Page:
|This is the shot in "Welcome to the Rileys" that shows where|
Kristen Stewart dances.
On a trip to New Orleans in October, 2008, I turned a corner and found myself in the midst of a movie shoot. One of the staff on the sidewalk told me it was a film featuring James Gandolfini, who was standing right down the street (but can’t be seen in this shot). I stood for a while and watched, then ambled down another road where, believe it or not, I saw Angelina Jolie walking along with three of her kids.
But back to the movie.
The film being shot was Welcome to the Rileys, which I rented on DVD last night. It’s the story of a middle-aged couple who have become estranged since their teen-aged daughter died in a car accident years ago. The wife has developed agoraphobia and doesn’t leave the house or mention her daughter. The father is having an affair with a waitress who suddenly dies. He travels to New Orleans for a convention and meets a teen-aged runaway prostitute who reminds him of his daughter. He calls his wife and tells her that he’s decided to stay in New Orleans.
Not surprisingly, this news forces the wife to confront her fears and leave the house to follow him. What was surprising was how much I liked her character. She seemed cold and hollow until we watched her try to leave. Instead of witnessing stark terror, tremors and an emotional breakdown (which would have been trite), we see her get in the car and not know how to adjust the seats. It’s actually a funny scene, followed by bad driving that has her crashing before she even leaves her driveway. Still, she forges on and her character becomes more and more endearing. She’s fragile but kind, and braver than expected. I found myself wishing the storyline were more about her.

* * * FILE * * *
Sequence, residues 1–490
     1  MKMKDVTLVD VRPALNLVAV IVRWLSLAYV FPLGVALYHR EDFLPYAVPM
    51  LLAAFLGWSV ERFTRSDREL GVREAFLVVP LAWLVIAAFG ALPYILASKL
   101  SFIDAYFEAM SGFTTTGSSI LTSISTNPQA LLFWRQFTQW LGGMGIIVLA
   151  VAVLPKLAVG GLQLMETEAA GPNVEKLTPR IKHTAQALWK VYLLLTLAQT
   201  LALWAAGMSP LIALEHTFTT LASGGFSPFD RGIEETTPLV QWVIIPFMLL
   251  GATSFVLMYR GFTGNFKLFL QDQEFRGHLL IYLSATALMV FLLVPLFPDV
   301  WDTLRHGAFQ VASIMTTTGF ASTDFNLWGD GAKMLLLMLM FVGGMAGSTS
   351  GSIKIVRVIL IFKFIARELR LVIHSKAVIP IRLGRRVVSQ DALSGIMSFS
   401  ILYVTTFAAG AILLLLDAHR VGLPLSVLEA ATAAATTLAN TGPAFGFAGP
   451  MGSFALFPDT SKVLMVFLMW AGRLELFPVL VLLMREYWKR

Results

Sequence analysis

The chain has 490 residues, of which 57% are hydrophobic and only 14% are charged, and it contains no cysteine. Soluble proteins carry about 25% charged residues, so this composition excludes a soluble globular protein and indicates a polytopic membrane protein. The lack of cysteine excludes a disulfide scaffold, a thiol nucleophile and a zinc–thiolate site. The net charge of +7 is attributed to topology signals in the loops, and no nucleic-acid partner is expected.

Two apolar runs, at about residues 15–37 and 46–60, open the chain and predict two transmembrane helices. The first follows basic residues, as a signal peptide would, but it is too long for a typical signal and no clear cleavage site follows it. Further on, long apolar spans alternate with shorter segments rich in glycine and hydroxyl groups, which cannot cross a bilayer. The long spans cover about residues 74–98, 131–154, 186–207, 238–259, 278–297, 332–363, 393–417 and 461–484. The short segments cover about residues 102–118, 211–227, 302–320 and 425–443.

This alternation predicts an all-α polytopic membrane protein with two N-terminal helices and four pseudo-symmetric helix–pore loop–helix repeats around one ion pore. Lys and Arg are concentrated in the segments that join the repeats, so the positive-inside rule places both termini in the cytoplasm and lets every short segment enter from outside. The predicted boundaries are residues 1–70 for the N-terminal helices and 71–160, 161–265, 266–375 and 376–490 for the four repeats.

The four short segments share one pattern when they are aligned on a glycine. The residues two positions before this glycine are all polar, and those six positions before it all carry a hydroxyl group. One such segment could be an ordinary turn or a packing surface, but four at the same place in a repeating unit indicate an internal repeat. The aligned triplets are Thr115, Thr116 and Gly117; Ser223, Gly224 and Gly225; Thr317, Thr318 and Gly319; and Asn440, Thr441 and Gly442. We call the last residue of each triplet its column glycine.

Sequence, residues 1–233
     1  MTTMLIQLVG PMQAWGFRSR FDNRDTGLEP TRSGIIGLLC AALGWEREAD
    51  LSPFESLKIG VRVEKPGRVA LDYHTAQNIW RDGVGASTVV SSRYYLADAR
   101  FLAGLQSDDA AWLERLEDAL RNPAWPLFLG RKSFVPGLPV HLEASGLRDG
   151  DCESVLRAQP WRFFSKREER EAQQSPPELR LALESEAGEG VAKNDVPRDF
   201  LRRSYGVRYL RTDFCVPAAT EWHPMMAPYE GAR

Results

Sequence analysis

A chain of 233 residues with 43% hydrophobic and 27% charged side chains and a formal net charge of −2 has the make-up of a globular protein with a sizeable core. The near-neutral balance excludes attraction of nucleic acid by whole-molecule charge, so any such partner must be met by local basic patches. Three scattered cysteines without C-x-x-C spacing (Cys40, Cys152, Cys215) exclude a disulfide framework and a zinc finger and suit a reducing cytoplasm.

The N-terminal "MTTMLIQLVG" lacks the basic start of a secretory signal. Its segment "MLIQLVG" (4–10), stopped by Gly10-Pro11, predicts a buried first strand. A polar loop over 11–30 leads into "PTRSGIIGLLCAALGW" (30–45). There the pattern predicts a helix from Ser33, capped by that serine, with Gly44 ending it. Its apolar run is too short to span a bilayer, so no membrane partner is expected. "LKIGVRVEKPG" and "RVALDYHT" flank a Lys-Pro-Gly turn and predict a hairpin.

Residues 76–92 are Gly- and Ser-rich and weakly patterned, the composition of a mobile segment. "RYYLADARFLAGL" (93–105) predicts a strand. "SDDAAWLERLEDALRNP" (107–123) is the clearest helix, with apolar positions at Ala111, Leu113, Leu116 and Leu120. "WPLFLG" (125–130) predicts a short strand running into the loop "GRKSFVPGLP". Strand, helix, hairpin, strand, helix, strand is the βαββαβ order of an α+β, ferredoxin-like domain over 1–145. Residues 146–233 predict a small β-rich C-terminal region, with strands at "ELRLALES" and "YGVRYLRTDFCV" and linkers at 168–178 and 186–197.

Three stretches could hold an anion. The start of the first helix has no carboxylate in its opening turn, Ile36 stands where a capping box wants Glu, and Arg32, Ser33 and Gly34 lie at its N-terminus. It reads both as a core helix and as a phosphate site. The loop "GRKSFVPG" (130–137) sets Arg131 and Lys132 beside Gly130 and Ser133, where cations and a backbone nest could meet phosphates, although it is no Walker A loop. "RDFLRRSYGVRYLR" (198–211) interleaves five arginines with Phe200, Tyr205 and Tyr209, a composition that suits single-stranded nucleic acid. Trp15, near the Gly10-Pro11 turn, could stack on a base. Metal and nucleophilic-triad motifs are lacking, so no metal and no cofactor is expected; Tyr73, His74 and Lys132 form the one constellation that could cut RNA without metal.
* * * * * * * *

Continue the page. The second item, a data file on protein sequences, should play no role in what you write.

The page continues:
When the credits rolled, I waited to see who the actress was (because I hadn’t read the case). It was Melissa Leo! I’d had no idea. Her character was so different than the one she played in The Fighter and she looked so different than she did at the Oscars. I was impressed. She was an actress I didn’t think I’d like, but have now reconsidered.
James Gandolfini was – James Gandolfini. He never seems any different from character to character. And the teenaged prostitute, Kristen Stewart, was an edgier Bella, but equally as unlikeable. I liked the movie, but mostly because of Leo’s performance and the fact that I felt a personal tie after stumbling upon the street corner where the movie was filmed. I’ll save the Angelina story for another day.